'Iron Fists and Kung Fu Kicks' - Movie Review

"Wherever you consider your stunt men expendable, that's where the next big trend in action is gonna come from."

That was in reference to "The Raid: Redemption" which came from Indonesia in 2011 - just as it applied in Hong Kong in the 1980s and Thailand in the 00s.

This is a movie about the history of martial arts films, as well as the influence they've had. Understand that I'm looking at this with a particularly critical eye: I saw "The Karate Kid" in a repetory cinema in 1985, and I've watched martial arts movies (many, many of them) ever since. I also studied the martial arts intermittently for a couple decades. I'm not an expert martial artist by any means, but I've probably watched nearly as much martial arts movie footage as the makers of this movie.

They start by discussing the Shaw Brothers in Hong Kong in the 1960s and 1970s. They do mention many of the pivotal movies: "Come Drink With Me," "Way of the Dragon," "Snake In Eagle's Shadow," "The Matrix," "Ong Bak," and of course "The Raid: Redemption." The movie also spends time with industry insiders, both performers and influential people behind the camera. It's a fairly good overview of the subject, although I really didn't like their frenetic editing and garish red-and-yellow inter-titles.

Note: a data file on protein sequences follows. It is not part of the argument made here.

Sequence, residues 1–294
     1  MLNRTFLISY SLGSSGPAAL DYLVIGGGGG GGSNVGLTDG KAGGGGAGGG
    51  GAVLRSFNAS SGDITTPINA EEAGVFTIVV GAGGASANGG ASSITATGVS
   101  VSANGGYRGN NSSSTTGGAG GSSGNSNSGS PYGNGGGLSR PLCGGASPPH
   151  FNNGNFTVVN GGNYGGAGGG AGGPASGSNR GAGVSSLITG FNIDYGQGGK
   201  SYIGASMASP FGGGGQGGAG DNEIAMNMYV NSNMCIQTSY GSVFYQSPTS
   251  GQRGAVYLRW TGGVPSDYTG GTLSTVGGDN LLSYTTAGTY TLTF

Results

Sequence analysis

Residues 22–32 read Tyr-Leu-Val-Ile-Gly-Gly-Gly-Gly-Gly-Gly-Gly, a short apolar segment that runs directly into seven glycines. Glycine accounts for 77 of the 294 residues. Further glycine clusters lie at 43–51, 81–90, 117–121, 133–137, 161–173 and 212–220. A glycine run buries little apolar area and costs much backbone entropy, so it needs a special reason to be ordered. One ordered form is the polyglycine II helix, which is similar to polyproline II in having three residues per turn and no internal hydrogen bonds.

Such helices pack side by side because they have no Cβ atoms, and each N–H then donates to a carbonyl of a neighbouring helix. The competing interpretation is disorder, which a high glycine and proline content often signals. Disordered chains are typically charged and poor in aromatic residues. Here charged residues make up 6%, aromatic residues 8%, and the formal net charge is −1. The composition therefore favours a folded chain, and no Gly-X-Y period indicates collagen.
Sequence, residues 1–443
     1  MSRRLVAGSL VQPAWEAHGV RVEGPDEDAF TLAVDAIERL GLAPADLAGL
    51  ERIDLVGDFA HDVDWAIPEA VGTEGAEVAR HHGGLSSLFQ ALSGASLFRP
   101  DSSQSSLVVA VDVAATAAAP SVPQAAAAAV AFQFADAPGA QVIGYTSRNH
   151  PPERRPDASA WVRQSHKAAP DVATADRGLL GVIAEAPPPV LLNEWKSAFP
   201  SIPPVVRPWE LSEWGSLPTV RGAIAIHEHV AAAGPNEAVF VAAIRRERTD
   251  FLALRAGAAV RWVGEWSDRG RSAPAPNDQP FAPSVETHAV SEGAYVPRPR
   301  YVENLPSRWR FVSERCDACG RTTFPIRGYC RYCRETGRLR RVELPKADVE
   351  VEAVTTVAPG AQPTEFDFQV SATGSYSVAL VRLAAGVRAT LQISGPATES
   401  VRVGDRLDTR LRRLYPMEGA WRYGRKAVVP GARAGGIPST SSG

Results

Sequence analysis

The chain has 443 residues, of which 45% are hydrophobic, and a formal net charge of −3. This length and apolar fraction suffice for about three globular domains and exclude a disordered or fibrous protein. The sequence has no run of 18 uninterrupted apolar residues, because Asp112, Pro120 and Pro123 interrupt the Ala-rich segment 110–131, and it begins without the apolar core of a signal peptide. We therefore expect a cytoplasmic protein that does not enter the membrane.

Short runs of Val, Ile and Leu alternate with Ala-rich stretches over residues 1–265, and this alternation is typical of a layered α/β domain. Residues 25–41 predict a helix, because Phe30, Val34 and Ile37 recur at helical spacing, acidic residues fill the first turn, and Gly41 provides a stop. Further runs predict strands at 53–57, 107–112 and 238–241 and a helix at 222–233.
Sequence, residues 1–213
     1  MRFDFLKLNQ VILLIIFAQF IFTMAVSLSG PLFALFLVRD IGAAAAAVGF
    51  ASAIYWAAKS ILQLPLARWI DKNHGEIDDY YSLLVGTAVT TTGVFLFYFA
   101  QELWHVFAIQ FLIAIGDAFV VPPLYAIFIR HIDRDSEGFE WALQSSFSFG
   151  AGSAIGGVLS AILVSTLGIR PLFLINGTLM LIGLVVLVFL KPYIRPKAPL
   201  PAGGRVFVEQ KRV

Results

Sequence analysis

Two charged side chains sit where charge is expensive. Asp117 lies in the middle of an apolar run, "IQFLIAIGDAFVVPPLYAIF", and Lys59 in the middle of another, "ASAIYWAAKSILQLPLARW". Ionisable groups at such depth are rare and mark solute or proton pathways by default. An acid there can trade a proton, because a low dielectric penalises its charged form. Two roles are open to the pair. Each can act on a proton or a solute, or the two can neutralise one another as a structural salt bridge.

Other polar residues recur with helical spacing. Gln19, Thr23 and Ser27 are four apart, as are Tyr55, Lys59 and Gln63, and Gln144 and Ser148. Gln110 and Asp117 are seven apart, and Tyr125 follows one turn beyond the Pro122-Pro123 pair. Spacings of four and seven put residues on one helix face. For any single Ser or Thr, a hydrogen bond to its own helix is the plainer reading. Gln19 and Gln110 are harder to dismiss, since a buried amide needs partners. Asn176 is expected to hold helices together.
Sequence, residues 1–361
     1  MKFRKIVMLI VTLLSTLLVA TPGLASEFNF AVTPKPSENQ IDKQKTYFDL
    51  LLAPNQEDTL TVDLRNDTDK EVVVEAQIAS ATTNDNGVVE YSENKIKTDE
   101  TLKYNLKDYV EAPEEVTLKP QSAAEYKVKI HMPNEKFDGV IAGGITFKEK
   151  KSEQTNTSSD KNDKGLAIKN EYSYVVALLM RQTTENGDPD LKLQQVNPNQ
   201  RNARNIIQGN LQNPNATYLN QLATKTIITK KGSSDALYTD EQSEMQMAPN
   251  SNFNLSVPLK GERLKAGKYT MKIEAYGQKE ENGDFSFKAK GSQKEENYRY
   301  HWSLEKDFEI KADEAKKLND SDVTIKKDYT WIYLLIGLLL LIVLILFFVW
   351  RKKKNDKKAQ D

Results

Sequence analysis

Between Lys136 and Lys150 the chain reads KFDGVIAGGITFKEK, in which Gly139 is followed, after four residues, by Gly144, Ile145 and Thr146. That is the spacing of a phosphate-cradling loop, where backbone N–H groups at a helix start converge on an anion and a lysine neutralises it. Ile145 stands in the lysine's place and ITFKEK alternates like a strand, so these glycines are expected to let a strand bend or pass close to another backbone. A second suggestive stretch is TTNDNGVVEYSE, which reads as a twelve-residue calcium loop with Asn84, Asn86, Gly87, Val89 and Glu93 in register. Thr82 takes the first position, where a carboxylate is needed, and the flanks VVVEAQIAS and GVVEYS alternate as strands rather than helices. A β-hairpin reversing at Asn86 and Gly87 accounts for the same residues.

I was disappointed that the Kung Fu Panda series was only given a two second visual nod, and Stephen Chow wasn't mentioned at all (his "Shaolin Soccer" and "Kung Fu Hustle" were very successful martial arts comedies). They mentioned Parkour and Paris, and interviewed S├ębastien Foucan ... while ignoring the extraordinary "District 13," which really deserves a place in a documentary about the history of martial arts movies. (How many other French martial arts films are there? Oh right, none except the sequel. And the first one is an excellent action movie.)